• 4 Paul Natinsky // Oct 23, 2009 at 6:22 am

    I would argue that it is the people, not the system. I’m not sure that “ennobling philosophical disputes” characterize the ongoing battle between Israeli politicians’ most vile and bitter enemies, other Israeli politicians. Nor would I consider the British decision to ban a book about its spy agency (that hadalready been widely distributed) to be a particularly enlightended decision.

    The same parliamentary system, in the same era, produced that paragon of political prowess, Neville Chamberlain; who then gave Europe away to an even worse parliamentary product who attempted to take over the world and kill half its people.

    Finally, I believe John Engler, a legislator from almost the time he reached drinking age, would have outperformed Gov. Granholm, who had none, even if he had not enjoyed a majority in both legislative chambers.

  • 5 Nick // Oct 23, 2009 at 2:46 pm

    A couple of thoughts on this subject:

    1) I have supported a parliamentary system for decades, but I wouldn’t support one if we adopted Mr. Ruff’s ill-flawed proportional representation system that he outlined in a previous column. This would result in ridiculous coalition governments that plague continental countries. Stick to the Anglo-Saxon first-past-the-post system with a return to the pre-60s era of one member of the House for each county, with an additional 27 members divided based upon population.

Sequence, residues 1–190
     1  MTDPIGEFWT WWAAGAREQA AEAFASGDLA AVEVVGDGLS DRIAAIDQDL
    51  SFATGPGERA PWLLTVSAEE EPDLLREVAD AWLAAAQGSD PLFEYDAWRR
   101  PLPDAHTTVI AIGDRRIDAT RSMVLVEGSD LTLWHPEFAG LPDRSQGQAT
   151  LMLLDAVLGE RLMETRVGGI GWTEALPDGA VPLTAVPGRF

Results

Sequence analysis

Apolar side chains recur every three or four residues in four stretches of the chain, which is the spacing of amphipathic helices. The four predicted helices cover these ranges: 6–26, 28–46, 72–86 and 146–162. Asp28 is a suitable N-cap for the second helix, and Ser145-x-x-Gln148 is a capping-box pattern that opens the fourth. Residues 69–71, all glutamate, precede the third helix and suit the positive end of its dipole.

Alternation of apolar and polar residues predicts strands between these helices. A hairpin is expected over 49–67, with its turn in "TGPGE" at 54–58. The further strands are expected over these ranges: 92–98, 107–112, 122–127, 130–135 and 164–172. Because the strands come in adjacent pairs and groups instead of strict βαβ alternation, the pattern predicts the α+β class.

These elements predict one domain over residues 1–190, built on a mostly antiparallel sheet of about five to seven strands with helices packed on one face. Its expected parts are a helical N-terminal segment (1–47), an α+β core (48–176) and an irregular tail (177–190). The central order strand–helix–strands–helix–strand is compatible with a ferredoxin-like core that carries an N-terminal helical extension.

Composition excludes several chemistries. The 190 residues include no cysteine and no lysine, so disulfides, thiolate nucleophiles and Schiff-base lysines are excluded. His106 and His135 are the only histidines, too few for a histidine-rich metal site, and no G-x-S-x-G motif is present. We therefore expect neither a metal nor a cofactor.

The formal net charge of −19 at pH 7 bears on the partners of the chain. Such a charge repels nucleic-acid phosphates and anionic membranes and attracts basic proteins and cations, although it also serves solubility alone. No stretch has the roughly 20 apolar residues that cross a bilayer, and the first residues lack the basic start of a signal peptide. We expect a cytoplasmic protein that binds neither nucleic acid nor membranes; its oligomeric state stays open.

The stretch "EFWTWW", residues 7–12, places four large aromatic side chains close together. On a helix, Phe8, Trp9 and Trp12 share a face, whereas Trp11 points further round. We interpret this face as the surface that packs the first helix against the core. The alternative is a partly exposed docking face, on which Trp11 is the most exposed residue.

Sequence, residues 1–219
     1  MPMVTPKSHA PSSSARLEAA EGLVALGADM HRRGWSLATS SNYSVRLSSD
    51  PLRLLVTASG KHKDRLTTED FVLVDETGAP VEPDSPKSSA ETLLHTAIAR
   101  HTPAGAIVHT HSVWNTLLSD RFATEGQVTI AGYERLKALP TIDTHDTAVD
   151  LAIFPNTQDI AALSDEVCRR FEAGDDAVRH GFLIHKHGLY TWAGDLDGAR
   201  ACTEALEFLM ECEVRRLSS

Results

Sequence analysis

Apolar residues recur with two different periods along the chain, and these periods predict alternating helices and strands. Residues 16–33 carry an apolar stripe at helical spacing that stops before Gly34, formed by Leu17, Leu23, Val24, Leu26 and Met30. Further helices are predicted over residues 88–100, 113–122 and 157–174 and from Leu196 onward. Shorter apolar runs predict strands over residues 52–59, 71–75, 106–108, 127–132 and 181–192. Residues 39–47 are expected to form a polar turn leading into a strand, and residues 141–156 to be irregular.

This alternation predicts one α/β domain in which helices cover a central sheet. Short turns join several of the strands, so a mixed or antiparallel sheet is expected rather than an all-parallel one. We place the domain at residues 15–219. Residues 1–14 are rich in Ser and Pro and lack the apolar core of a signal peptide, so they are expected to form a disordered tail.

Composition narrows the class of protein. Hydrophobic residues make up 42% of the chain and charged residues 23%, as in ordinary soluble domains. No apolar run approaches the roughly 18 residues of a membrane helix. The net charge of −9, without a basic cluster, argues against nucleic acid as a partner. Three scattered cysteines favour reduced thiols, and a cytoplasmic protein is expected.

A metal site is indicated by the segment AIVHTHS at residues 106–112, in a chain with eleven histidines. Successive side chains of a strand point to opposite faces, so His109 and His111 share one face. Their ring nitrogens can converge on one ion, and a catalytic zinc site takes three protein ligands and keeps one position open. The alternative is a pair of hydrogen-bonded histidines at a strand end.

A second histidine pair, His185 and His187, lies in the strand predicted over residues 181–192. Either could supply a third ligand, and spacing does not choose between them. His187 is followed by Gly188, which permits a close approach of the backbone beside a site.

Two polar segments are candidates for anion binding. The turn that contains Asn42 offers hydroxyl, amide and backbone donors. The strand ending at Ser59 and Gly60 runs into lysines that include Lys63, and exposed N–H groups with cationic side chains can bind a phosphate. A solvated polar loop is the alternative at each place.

2) What would happen to the governor’s office? Would we adopt a system of a prime minister that was head of government, but a governor that was head of state with little to no powers?

    3) Would this be constitutional? I imagine there would be challenges in federal court.

  • 6 Ed Rivet // Oct 30, 2009 at 7:39 am

    Parliamentary system? Really? America’s Democratic Republic is unquestionably the most unique experiment in democratic self governance in human history. Is it flawed? Sure. But as others have pointed out, so is the parliamentary system.

    As junkies of the political process, where we can mess around with concepts like term limits, various forms of representation, unicameral versus bicameral legislatures, etc., why would we want to abandon that playground and give up experimenting with the process of forming “a more perfect union”?

    Let’s stay in the game of tweaking, adjusting, experimenting, and all the while holding on to those self-evident truths. Because I assure you, no matter what system you choose, those truths will not change. We, as a nation/state with a collective character (flawed as it may be), are the ones vulnerable to change, for good or for ill.

  • 7 Nick // Nov 8, 2009 at 8:14 am